State College schools resource officer helps parents identify, preventing drug use

mmorgan@centredaily.comOctober 16, 2013 

Terry Stec hasn’t seen a major drug problem in the local high schools, but he said it’s always a concern.

In his seven years as a school resource officer for State College Area High School, Stec hasn’t seen a major increase or decrease in drug activity, but he talks to several parents every week about ways to prevent drug use or concerns that their child or others might be using.

About 40 parents showed up to listen to the 90-minute presentation Tuesday night at Mount Nittany Middle School as part of the district’s “Straight Talk” series.

Stec was joined by middle school SRO Rob Keen and Ali Turley, who works with the Centre County Youth Service Bureau prevention programs, to talk to parents about drug use, methods of recognizing it and ways to prevent it.

A key indicator of possible drug use is changes in patterns, Stec said. If a young person is hanging out with an entirely new group of friends or all of a sudden loses interest in activities, Stec said it might be time to start paying closer attention.

“That’s when you want to start asking yourself, ‘OK. What’s going on here?’ ” he said.

Though harder drugs are beginning to become more prominent county and statewide, he said they have not crept into the high schools. The majority of high school drug cases are nicotine, marijuana and alcohol.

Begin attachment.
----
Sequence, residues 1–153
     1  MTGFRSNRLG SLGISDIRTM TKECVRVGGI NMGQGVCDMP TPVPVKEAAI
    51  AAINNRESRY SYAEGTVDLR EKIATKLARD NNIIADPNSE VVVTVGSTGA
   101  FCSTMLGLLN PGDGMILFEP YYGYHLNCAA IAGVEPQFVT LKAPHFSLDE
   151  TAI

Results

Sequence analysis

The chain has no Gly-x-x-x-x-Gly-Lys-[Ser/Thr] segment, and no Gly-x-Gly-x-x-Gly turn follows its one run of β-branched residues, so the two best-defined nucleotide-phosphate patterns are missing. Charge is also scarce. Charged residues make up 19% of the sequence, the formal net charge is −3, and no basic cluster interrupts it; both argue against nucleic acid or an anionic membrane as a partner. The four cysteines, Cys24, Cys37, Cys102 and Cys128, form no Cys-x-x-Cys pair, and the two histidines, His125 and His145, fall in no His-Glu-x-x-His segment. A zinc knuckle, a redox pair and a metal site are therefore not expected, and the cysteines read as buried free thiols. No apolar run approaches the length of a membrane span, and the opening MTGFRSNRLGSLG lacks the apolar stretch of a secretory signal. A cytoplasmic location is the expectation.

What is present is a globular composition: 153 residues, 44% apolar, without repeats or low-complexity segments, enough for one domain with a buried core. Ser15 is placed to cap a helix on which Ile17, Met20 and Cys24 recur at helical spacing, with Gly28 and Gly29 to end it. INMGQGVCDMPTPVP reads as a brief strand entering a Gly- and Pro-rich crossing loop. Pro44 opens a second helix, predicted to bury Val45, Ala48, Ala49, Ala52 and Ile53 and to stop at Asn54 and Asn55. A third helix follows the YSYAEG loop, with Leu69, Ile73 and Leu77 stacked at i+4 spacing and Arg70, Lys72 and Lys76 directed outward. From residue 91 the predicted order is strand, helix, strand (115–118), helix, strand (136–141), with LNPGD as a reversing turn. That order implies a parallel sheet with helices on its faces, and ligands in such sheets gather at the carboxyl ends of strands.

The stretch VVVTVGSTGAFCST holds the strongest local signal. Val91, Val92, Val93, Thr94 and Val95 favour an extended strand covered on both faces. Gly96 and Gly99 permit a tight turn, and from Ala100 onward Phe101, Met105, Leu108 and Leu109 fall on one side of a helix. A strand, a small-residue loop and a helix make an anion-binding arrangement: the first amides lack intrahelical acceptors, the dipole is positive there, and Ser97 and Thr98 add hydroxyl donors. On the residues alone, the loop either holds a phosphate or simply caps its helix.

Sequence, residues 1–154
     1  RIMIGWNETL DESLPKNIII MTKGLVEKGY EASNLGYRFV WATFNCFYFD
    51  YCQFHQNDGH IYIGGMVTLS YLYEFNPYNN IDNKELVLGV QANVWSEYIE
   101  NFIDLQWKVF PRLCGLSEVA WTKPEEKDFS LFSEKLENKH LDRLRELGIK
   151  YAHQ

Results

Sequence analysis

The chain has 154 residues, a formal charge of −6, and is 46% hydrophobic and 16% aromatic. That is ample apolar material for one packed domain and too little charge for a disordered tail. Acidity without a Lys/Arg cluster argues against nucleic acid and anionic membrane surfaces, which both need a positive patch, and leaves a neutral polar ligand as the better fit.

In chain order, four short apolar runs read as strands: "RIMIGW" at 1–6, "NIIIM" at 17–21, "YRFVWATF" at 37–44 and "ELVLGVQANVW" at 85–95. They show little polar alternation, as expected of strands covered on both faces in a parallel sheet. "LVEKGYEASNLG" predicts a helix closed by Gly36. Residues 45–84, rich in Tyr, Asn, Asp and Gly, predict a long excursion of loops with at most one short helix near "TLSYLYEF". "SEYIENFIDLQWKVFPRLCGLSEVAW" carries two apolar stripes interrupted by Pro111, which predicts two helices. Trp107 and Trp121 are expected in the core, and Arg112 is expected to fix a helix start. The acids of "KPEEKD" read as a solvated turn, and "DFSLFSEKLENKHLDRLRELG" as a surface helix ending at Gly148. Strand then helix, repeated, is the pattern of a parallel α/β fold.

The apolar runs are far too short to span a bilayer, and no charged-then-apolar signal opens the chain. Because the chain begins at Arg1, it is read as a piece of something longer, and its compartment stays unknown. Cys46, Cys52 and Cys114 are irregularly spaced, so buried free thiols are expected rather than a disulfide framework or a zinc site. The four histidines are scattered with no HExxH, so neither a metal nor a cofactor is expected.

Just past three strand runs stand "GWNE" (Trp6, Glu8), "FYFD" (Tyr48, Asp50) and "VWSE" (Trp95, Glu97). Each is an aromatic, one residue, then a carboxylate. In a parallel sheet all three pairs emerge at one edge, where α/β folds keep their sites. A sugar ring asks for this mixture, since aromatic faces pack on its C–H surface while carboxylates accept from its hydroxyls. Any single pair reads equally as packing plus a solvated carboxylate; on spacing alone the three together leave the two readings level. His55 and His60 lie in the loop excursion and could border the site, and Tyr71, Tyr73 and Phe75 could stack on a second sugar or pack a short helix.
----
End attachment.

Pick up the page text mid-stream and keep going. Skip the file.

But Keen added that with those drugs around, it’s important to advise young people to stay away with them. He especially cited bath salts as a newer drug that he hope does not become more popular among the younger generations.

“Bath salts are unbelievably powerful stuff,” he said.

As important as it is for parents to talk to their kids, it’s also critical for parents to be talking with one another. Turley said parents need to know if other parents are more lax when it comes to drugs or rules.

And parents should be talking to their kids at younger ages.

Stec said if parents wait until high school years, it’s already too late. He suggests fourth or fifth grade as a good time to start talking about staying away from drugs to get in before the use starts and before exposure to what’s out there.

Parents should also be aware of household items that could be inhaled or prescription drugs left where children can get them.

Turley said her department mainly focuses on prevention and parents taking proactive steps to keep their children off drugs. She said extracurricular activities and keeping them involved is a major preventive factor.

Matt Morgan can be reached at 235-3928. Follow him on Twitter @MetroMattMorgan.

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